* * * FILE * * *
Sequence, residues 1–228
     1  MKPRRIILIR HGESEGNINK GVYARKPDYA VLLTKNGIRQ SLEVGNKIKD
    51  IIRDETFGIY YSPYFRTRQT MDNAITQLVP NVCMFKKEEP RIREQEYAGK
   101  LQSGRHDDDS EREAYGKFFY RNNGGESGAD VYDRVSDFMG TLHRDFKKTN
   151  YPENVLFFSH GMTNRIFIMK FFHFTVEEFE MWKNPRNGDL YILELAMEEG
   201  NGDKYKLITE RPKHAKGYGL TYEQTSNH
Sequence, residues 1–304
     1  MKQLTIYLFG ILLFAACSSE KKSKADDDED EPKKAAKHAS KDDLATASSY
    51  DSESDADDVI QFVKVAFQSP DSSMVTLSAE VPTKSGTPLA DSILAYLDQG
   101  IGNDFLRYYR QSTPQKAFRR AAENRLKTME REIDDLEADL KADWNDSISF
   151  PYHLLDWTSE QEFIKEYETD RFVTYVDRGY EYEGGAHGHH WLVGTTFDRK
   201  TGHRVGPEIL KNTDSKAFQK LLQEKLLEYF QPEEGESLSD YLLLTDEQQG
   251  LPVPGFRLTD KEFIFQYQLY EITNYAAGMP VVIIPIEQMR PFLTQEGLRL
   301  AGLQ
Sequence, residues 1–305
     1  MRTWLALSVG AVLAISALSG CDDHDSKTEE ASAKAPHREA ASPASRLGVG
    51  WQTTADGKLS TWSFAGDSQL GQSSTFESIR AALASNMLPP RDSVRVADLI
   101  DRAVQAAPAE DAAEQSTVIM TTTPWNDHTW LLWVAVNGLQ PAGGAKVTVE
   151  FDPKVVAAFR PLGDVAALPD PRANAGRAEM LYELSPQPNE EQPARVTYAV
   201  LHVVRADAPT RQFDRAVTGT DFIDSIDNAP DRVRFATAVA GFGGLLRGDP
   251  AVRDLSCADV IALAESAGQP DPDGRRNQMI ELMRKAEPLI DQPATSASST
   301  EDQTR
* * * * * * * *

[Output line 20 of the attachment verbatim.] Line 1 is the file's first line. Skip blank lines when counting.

   201  LHVVRADAPT RQFDRAVTGT DFIDSIDNAP DRVRFATAVA GFGGLLRGDP